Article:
I solved converting 331 typed pages of a novel into a text file at a printing services company. They didn't do OCR but, for a piffling £24, they mass-scanned the pages into PDFs - the tedious bit. Did the OCR myself.
Handing over the musty paperware I was jittery: "This novel was written in 1972, long before home computing. THIS IS THE ONLY VERSION IN EXISTENCE." The woman at PIP promised to guard it with her life.
I’ve been dwelling on the work’s origins. I'd been in the USA for five years and wanted to set a novel there. I had a physical template (ie, appearance only, not the – virtually unknown - personality) of a woman in the local library as my central character. I'd recently visited Garden City on Long Island and saw it as the best and worst of US suburbia – a great start to the story. Like many post-adolescents I was thrilled by the plot of Colette's novel Le Blé en Herbe (seductive older woman seduces teenage youth) and intended to adapt it. I had seen The Graduate (l967) but wasn’t knowingly influenced.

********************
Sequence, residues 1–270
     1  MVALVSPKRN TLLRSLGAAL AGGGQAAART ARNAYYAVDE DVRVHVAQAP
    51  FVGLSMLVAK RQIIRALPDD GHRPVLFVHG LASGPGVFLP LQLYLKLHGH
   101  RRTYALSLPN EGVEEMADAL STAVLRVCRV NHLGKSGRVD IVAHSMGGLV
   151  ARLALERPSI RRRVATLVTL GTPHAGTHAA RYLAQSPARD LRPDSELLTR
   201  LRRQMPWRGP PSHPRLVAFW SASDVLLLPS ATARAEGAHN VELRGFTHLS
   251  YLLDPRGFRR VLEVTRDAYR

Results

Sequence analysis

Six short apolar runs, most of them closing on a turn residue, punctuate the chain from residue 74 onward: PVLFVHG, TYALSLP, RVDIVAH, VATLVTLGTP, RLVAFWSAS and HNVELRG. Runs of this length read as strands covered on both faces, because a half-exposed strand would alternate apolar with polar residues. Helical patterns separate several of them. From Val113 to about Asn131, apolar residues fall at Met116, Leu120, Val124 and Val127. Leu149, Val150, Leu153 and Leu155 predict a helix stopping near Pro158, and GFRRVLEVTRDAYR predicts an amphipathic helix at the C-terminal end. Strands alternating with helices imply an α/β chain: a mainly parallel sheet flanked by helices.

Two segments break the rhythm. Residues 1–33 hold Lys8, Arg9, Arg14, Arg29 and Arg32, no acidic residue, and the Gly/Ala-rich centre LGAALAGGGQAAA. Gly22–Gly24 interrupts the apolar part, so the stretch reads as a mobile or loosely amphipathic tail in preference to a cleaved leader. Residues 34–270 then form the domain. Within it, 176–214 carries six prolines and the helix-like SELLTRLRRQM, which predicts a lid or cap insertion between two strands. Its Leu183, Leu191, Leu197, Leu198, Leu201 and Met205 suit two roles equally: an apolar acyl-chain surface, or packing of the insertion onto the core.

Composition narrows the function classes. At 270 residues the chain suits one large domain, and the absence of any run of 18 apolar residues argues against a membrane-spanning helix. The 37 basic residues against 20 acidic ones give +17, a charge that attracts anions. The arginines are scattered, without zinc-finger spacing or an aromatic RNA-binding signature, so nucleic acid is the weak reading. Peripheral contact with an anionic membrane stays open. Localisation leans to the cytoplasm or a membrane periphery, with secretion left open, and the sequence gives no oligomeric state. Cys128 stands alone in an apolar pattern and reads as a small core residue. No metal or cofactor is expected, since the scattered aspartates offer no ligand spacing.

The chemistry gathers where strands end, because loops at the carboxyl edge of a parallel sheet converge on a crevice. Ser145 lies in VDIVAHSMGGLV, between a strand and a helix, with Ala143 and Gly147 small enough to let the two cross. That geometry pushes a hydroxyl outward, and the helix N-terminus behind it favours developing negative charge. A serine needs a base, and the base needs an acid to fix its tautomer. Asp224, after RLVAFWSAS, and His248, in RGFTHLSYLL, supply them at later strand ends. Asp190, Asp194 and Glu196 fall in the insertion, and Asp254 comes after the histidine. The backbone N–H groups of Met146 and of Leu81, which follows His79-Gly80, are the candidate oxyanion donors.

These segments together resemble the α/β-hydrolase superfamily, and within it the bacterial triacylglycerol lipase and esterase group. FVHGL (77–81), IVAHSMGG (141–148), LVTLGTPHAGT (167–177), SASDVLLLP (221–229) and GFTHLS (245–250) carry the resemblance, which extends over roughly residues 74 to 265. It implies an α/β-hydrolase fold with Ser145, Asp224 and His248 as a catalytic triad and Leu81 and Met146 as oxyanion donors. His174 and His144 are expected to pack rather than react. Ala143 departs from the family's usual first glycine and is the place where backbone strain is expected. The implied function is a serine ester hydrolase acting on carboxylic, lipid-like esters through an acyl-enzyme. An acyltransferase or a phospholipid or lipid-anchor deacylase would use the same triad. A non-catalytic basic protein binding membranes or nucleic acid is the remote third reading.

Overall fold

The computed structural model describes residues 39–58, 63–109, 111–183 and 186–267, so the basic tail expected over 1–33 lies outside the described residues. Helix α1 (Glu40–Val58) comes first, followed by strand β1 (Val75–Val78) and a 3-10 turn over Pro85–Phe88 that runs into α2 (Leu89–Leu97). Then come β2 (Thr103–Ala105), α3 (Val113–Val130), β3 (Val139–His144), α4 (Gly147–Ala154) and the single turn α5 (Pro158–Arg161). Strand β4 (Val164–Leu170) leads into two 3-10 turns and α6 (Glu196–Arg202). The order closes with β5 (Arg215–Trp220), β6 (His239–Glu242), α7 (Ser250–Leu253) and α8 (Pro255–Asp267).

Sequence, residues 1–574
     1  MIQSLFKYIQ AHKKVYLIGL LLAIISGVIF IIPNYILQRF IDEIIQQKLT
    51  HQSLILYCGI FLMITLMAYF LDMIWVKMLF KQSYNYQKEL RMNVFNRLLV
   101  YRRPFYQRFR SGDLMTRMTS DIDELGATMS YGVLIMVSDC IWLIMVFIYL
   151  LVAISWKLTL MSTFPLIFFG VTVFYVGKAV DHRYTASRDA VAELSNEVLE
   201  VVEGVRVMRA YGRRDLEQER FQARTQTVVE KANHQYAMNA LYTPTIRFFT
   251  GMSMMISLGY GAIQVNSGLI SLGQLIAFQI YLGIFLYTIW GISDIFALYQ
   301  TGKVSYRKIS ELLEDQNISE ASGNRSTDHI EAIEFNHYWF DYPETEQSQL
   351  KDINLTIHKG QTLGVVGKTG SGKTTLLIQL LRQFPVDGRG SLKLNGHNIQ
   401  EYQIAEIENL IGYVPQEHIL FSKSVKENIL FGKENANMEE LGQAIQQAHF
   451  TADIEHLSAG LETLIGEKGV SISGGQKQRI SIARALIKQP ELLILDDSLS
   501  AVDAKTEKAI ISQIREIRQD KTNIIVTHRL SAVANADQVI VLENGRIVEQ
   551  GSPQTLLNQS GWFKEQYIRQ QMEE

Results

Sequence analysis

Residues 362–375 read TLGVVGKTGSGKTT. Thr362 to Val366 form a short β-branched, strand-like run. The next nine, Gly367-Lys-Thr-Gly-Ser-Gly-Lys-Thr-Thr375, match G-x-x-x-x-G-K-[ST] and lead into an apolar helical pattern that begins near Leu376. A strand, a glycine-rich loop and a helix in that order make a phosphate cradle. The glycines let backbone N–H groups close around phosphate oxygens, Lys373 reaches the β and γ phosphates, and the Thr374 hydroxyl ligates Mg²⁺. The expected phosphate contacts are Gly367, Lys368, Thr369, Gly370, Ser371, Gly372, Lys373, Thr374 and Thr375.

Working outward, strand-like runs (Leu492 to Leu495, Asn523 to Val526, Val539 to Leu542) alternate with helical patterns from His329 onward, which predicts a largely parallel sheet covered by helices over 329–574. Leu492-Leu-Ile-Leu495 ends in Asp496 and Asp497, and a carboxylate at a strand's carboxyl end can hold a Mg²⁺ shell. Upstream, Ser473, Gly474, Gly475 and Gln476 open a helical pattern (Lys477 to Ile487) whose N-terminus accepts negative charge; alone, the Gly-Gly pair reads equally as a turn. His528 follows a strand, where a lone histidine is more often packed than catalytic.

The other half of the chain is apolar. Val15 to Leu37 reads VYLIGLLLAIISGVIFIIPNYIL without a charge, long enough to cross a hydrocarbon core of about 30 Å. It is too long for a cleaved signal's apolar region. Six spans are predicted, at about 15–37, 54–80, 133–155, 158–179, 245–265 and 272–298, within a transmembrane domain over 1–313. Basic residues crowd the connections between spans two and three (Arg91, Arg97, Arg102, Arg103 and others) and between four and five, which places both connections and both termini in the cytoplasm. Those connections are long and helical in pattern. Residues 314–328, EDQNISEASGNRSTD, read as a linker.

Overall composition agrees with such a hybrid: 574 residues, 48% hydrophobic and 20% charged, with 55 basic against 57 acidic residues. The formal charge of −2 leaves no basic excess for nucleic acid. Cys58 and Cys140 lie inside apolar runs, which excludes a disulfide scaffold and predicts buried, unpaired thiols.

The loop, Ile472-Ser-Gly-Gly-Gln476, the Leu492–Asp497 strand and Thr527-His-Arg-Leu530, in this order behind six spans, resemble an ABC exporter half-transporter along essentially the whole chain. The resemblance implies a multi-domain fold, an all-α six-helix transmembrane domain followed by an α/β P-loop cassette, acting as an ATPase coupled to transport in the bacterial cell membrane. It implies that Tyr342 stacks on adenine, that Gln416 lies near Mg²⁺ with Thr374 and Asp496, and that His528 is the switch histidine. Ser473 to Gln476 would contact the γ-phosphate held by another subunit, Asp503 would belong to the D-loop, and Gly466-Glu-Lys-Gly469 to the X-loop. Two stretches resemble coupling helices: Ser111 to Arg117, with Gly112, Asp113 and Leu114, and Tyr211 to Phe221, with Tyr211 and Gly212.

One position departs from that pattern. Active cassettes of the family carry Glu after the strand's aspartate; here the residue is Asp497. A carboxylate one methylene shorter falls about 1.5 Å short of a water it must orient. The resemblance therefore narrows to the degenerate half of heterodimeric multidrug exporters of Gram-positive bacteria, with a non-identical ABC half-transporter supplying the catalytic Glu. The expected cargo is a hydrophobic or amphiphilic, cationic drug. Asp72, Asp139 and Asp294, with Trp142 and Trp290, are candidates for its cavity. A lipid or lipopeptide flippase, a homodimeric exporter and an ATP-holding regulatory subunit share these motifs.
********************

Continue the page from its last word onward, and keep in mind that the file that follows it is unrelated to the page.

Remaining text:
Re-reading I found I’d spent more pages than planned on the marriage break-up which preceded the lad. Why? Perhaps because I was starting to fall in love with the character I’d created. Called her Wendy because it hinted at her fallibility. Inevitably I grew to unlove her youthful swain, called him Tommy. Yah-sucks-boo.
Note for the credulous: these phrases “fell in love” and “unlove her youthful swain” are authorial rather than sexual sensations, caused by the creative opportunities generated by fictional folk. I wrote Breaking Out rather too quickly. Now, five subsequent novels down the pike, I see it needs re-writing. Will Wendy still exercise her power?